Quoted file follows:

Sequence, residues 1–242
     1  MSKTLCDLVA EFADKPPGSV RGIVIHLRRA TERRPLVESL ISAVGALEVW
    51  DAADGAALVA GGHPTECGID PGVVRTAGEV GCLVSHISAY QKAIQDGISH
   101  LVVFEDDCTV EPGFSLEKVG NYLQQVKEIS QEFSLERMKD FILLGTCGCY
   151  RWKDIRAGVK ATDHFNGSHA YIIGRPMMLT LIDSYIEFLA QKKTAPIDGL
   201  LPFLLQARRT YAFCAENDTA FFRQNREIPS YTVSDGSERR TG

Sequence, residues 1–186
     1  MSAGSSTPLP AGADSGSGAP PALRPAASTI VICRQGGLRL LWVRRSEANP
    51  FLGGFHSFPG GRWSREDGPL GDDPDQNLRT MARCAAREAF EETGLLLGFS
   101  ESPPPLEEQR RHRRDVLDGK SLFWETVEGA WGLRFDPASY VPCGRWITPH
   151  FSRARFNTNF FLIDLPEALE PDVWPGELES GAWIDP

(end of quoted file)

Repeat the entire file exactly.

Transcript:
Sequence, residues 1–242
     1  MSKTLCDLVA EFADKPPGSV RGIVIHLRRA TERRPLVESL ISAVGALEVW
    51  DAADGAALVA GGHPTECGID PGVVRTAGEV GCLVSHISAY QKAIQDGISH
   101  LVVFEDDCTV EPGFSLEKVG NYLQQVKEIS QEFSLERMKD FILLGTCGCY
   151  RWKDIRAGVK ATDHFNGSHA YIIGRPMMLT LIDSYIEFLA QKKTAPIDGL
   201  LPFLLQARRT YAFCAENDTA FFRQNREIPS YTVSDGSERR TG

Sequence, residues 1–186
     1  MSAGSSTPLP AGADSGSGAP PALRPAASTI VICRQGGLRL LWVRRSEANP
    51  FLGGFHSFPG GRWSREDGPL GDDPDQNLRT MARCAAREAF EETGLLLGFS
   101  ESPPPLEEQR RHRRDVLDGK SLFWETVEGA WGLRFDPASY VPCGRWITPH
   151  FSRARFNTNF FLIDLPEALE PDVWPGELES GAWIDP